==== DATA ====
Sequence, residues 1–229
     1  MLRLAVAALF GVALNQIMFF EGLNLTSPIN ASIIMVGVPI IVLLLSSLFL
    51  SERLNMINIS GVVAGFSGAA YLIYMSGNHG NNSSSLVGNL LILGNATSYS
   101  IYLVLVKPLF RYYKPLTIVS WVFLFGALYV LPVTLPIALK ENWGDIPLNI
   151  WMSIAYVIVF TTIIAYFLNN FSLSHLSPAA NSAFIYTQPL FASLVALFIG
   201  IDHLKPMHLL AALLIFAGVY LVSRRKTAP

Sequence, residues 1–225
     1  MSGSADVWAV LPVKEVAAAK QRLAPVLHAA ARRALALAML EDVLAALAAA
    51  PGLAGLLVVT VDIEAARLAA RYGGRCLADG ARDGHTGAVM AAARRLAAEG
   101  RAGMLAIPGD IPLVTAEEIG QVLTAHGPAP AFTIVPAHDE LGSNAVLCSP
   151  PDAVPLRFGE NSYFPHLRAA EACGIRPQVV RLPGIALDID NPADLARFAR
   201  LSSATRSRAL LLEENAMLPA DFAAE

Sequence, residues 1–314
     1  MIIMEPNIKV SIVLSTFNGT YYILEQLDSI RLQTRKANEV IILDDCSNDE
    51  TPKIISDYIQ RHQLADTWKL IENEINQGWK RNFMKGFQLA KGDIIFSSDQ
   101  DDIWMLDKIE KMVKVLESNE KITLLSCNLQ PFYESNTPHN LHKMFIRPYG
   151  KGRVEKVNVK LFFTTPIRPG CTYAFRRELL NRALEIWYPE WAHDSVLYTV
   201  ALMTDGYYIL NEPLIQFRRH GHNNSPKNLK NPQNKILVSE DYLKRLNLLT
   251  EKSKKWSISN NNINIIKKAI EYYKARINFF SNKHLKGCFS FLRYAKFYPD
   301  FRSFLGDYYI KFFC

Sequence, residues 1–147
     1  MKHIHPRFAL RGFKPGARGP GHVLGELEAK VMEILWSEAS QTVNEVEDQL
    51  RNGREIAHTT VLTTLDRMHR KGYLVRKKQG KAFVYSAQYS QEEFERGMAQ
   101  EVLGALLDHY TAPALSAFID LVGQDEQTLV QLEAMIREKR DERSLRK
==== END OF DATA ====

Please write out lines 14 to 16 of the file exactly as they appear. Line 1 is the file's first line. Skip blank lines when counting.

     1  MIIMEPNIKV SIVLSTFNGT YYILEQLDSI RLQTRKANEV IILDDCSNDE
    51  TPKIISDYIQ RHQLADTWKL IENEINQGWK RNFMKGFQLA KGDIIFSSDQ
   101  DDIWMLDKIE KMVKVLESNE KITLLSCNLQ PFYESNTPHN LHKMFIRPYG